Cook-Searson grew up on a family trapline near Brabant Lake, later living in Stanley Mission and Otter Lake. She attended residential school and graduated high school in La Ronge.

She was first elected chief of the Lac La Ronge Indian Band in 2005, and was a prominent voice as thousands were evacuated during raging wildfires in 2015.

After being chief under Conservative and Liberal governments, Cook-Searson decided the latter best represented Indigenous people.

Desnethé-Missinippi-Churchill River also includes farmland, which means she will need to defend the Liberal carbon tax that many Saskatchewan producers oppose.

She acknowledged there is opposition, but said the policy will change behaviour to help the environment.

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As a person who has experienced racism, Cook-Searson told Global News she accepts Justin Trudeau’s apology after his brownface and blackface images surfaced.

Cook-Searson also credited the Liberals for “not just saying it, but building on [reconciliation].”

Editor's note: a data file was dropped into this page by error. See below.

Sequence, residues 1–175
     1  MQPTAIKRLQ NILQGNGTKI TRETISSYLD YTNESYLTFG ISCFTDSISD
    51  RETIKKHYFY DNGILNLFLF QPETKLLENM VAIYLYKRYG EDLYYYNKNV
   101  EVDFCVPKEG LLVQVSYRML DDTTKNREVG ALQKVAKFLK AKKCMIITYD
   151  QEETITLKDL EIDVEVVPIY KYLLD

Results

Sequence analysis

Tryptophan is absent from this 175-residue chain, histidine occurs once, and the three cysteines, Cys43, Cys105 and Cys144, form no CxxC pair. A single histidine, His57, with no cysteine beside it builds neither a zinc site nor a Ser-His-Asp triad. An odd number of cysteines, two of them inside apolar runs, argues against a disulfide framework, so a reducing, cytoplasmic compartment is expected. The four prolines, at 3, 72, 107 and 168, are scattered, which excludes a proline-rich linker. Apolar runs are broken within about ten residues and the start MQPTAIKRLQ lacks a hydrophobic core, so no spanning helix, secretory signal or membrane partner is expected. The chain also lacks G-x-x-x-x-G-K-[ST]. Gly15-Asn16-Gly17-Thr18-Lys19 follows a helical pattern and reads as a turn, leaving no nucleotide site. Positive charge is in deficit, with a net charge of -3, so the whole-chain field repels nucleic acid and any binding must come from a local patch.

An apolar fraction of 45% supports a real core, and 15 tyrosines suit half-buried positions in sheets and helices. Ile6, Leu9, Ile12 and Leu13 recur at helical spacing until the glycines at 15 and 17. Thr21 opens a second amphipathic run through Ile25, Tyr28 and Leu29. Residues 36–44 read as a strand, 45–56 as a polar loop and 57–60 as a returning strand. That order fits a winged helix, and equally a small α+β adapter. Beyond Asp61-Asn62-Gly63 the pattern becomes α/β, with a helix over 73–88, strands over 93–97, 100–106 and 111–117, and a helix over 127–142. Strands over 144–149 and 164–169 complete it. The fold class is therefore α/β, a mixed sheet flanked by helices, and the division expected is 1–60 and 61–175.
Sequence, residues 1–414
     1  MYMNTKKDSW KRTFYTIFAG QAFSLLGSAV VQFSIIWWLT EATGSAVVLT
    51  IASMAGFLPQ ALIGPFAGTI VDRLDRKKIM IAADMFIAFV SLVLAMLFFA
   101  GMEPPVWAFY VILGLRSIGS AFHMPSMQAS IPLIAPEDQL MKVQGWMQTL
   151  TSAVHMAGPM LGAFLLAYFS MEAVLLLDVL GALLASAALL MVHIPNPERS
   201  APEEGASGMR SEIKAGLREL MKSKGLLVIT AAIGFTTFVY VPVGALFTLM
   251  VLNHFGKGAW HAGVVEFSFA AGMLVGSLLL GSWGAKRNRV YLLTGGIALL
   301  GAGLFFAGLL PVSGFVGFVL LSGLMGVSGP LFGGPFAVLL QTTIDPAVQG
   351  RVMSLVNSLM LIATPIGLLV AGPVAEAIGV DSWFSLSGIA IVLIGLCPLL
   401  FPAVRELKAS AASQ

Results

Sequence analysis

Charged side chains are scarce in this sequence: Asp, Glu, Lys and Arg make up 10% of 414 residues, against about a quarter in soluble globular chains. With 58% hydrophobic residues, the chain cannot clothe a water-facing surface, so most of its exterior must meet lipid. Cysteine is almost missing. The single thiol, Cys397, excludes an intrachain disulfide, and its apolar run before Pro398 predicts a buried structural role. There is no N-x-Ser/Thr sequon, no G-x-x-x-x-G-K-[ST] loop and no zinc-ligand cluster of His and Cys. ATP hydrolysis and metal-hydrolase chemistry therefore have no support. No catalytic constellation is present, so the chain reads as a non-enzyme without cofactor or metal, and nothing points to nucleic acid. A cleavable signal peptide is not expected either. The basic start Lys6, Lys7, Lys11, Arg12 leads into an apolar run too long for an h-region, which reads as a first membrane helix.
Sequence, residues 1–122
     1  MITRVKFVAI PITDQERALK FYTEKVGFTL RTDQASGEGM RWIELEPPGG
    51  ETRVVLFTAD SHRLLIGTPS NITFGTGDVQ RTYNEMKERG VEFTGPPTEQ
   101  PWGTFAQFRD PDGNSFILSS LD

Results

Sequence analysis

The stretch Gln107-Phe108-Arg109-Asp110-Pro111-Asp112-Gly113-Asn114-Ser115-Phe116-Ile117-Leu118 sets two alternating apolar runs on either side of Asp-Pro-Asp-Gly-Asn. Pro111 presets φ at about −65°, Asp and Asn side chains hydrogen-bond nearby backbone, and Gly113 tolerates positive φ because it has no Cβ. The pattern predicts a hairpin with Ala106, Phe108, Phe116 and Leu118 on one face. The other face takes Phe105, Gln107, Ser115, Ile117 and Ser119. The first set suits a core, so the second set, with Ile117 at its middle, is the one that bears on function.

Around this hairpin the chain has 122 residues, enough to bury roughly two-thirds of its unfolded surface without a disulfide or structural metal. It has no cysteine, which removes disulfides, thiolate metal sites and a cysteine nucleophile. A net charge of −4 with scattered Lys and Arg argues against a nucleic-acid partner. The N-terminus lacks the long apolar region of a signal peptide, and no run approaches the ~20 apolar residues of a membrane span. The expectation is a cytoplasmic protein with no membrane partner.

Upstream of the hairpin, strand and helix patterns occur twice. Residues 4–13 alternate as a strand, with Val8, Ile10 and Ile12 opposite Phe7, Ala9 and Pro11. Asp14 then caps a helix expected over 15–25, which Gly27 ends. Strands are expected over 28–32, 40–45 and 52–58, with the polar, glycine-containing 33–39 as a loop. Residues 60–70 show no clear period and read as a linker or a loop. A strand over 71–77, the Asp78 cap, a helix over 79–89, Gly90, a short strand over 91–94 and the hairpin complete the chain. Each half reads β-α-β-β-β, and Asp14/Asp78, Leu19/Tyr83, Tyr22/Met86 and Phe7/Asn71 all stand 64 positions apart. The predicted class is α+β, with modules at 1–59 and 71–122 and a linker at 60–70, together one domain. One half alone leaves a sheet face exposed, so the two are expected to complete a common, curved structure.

READ MORE: Federal leaders continue to miss Regina on Saskatchewan visits

Georgina Jolibois

Jolibois was born and raised in La Loche, also spending time on a trapline near Clearwater River Dene Nation.

By 16 years old, she knew she wanted to be a public servant — a dream she fulfilled as La Loche’s mayor for 12 years. She was elected as the Member of Parliament for Desnethé-Missinippi-Churchill River in 2015.

Her top priorities include housing affordability.

“There are people who live in a house with sewer backup and the husband is really sick … this is happening in northern Saskatchewan,” Jolibois said.

The Saskatchewan government’s move to cut its provincial bus company is another problem, according to the NDP candidate. She said the federal government should invest in its people and fill the transportation gap.

Asked whether she’s concerned about the NDP’s national polling numbers, Jolibois said she doesn’t pay attention to national numbers.

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“I hear on the ground, there are people that need help. The communities are really happy when I show up and visit them,” she said.

Economic development and job creation

Two uranium mine closures in 2018 were a blow to a region already dealing with a disproportionately high unemployment rate. The area’s median income of $18,910 is the second-lowest in Canada.

Jolibois wants to see opportunities for young people around post-secondary education. Conditions need to be favourable for young northern people to return if they choose to leave and seek a degree or diploma, she said.